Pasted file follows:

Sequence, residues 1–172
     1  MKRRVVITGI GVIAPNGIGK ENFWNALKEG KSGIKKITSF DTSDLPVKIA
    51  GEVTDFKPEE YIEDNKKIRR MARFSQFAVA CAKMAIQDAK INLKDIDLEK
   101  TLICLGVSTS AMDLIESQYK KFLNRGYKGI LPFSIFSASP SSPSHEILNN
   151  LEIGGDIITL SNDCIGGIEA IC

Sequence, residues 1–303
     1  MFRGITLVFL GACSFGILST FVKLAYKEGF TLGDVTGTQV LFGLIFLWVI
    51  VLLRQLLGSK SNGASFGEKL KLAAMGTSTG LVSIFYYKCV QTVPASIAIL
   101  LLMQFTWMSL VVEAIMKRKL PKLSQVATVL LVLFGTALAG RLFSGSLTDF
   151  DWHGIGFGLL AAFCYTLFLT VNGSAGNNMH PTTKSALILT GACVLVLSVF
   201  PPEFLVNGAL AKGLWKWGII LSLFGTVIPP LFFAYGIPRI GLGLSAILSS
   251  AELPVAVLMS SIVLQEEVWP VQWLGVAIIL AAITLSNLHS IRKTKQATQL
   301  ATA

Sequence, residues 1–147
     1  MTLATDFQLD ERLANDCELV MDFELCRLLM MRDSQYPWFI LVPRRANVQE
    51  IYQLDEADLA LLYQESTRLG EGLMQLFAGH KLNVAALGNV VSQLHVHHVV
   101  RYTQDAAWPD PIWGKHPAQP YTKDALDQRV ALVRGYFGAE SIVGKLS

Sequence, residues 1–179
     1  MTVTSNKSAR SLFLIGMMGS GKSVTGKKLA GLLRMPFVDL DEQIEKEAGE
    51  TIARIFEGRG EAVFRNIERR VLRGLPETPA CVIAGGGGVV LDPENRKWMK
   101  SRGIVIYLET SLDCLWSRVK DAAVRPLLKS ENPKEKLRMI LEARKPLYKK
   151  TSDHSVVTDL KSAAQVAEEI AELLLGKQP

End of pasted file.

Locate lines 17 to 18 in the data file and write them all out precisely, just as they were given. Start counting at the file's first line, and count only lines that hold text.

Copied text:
   101  RYTQDAAWPD PIWGKHPAQP YTKDALDQRV ALVRGYFGAE SIVGKLS

Sequence, residues 1–179